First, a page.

Anne de Charmant reveals the people who have inspired her work, particularly in rethinking audiences’ relationships with contemporary art and the environment.
As Artistic Director of Meadow Arts since its foundation 20 years ago, Anne has been challenging expectations about art: who it is for, and how and where it is produced. These are the people who have influenced her work.
I first encountered Eliasson’s work at the Scandinavian pavilion of the Venice Biennial about two decades ago. It was a walkthrough kaleidoscopic sculpture in shiny stainless steel, which twisted and turned the gaze in all directions, swallowing up expectations of what was out and what was in, only to spit you out at the other end, breathless and altered.
My next experience was his Weather project in the Turbine Hall of Tate Modern, where visitors were invited inside a gigantic machine that created its own weather. People engaged with the installation, ambling or lying down on the concrete floor to look at the huge, mirrored ceiling under a yellow sun, bathing in a hazy atmosphere. It remains to this day my favourite piece of public art.
The power of Eliasson’s art is to confound expectations, to enable the viewer to receive new information. This is political work at the service of the environment.
This French philosopher has a perception of landscape, nature and site that nurtured my reflections on how we as humans in the western hemisphere relate to our environment; how we read it; and why and how we constantly try control it. For her, the confusion between the notions of landscape and nature poses a problem.
She holds that the landscape is a constructed form, an invented concept that can be traced back to the advent of painting with its components of framing and, especially, perspective. This is so ingrained that we unconsciously reject anything that diverts from that model and applaud any site that conforms.
Cauquelin calls this “bourgeois-ification” of our gaze. It is more urgent than ever to unfold this assimilation of landscape with nature and the environment. The opening of new dimensions such as a shift to more diverse cultures, to the digital sphere or space exploration has barely dented this perception.
In many ways I feel that if art is to blame for the invention of landscape, then contemporary art might be a tool to break open the mould. This is what Meadow Arts aims to do.
Sir Nicholas Serota
I include Sir Nicholas here not as chair of Arts Council England, nor as an art historian or curator, but solely because of his achievements at Tate. While recognising that he had a formidable team behind him, the success of Tate demonstrated to the public and politicians alike that the art sector is immensely important, drawing in millions of visitors and just as many pounds into the economy.
In a country where the Ministry for Culture is little more than a political placeholder for internal governmental manoeuvring, leadership in the arts is rarely recognised in wider society. Although of course we have fantastic leaders of large and small arts organisations making great art happen every day - with courage and talent, despite restricted means.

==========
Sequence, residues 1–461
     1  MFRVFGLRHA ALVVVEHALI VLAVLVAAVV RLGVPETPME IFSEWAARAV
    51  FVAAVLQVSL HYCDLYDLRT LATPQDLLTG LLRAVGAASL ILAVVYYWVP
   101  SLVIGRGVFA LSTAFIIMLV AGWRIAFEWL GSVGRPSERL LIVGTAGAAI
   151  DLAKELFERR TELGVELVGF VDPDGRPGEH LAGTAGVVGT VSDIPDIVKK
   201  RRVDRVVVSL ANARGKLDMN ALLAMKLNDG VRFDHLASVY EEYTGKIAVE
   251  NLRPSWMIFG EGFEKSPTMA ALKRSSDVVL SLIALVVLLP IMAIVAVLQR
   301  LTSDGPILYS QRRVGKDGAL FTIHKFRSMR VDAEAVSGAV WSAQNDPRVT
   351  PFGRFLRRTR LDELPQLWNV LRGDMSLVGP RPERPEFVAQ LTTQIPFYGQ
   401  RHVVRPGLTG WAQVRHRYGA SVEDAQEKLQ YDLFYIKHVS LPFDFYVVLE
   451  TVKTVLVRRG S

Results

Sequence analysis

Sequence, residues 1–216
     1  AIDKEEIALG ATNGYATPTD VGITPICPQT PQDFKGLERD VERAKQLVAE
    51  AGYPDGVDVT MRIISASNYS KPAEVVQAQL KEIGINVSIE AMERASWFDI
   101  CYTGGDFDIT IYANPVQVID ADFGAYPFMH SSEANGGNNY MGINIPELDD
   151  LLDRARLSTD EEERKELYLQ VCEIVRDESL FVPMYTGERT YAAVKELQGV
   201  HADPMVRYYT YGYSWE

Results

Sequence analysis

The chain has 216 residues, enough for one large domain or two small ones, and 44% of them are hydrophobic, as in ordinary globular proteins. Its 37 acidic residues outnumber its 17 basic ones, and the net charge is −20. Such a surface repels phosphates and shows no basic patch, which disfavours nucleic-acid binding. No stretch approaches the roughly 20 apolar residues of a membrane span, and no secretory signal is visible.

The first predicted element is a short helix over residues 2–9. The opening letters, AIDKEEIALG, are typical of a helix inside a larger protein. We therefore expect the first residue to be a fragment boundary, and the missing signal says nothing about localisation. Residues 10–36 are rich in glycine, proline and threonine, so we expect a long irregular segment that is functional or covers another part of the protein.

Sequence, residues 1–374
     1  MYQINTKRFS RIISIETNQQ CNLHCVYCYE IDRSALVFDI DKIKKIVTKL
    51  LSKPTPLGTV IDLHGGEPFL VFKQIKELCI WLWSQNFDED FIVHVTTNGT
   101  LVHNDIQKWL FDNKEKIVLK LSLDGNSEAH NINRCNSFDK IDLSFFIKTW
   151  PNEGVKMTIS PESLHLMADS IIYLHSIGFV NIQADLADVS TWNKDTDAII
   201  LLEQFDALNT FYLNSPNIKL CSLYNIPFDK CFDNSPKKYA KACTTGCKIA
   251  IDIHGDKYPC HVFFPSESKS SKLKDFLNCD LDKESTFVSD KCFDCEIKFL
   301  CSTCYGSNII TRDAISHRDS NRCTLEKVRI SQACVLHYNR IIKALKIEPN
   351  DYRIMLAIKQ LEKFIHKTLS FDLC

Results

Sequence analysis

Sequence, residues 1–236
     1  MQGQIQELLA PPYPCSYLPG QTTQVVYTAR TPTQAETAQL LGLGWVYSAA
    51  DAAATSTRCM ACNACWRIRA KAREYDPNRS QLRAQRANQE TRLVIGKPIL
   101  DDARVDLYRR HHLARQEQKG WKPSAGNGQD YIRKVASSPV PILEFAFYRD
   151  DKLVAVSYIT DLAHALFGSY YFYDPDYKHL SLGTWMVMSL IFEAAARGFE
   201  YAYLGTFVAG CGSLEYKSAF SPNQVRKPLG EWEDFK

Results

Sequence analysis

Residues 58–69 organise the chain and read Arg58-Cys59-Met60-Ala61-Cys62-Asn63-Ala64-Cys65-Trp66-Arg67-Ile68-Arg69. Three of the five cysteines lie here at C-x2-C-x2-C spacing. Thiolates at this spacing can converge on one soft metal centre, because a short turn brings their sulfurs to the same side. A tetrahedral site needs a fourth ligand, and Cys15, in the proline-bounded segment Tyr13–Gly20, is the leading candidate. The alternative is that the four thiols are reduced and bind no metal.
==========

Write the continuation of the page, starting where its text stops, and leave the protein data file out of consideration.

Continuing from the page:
But to the powers that be and society at large, this is often taken for granted and passed off as a mildly eccentric sector of society that can continue to do its thing, with minimum support and on an ever-smaller part of the budget. Call me a cynic, but the arts need great champions and irrefutable successes if we are ever to be justly valued and supported.
By trade Clément is a writer and a ‘paysagiste’. This French term has no real equivalent in English but can best be translated as landscape gardener or designer. He has made large scale ground-breaking gardens from Chile to Paris. He is also a scientist and a philosopher who has evolved very interesting conceptual tools.
The first is the ‘Jardin en mouvement’, the moving garden, where a site is open to spontaneous growth, cross pollinations and accidents. The role of the gardener is to gently manage the natural movement and to observe and learn.
Another is the ‘Jardin planétaire’, whereby the Earth itself is a gigantic garden open to migrations of plants and species. And a third is the sum of all sites untouched by man, wastelands and marginal spaces left behind by man’s mismanagement. Its objective is “to encourage biological diversity, a source of wonder and our guarantee for the future”.
As a young journalist for a French cultural TV programme, I was assigned to interview Louise Bourgeois. Things went wrong very quickly: I was slightly unprepared and was not sufficiently aware of her work. She was struggling to make her mark in her career and often went unrecognised in the male dominated, monolithic art world of the time. She was more admired than acclaimed.
I didn’t know of her reputation for being formidable, challenging and very direct. She talked about her current work (the ‘Fillette’ series of phallic sculptures) with incredible force, commitment and pugnacity. As a woman artist she saw that her work disturbed the status-quo. Decades before #MeToo she spoke about abuse and childhood trauma.
The intensity I witnessed can be felt in all her rich oeuvre - one of the most important of the late 20th and early 21st century. The interview aired and all signs of my having been put through the wringer had vanished, but it left me in a state of shock, having received a magnificent lesson in the art of being a woman and an artist.
Anne de Charmant is the founder and Artistic Director of Meadow Arts.
A new book, Meadow Arts: the first 20 years is out now.
Meadow Arts’ next exhibition, All Alone: Contemporary art and aloneness opens at Croft Castle Fishpool Valley from 26 July to 19 October.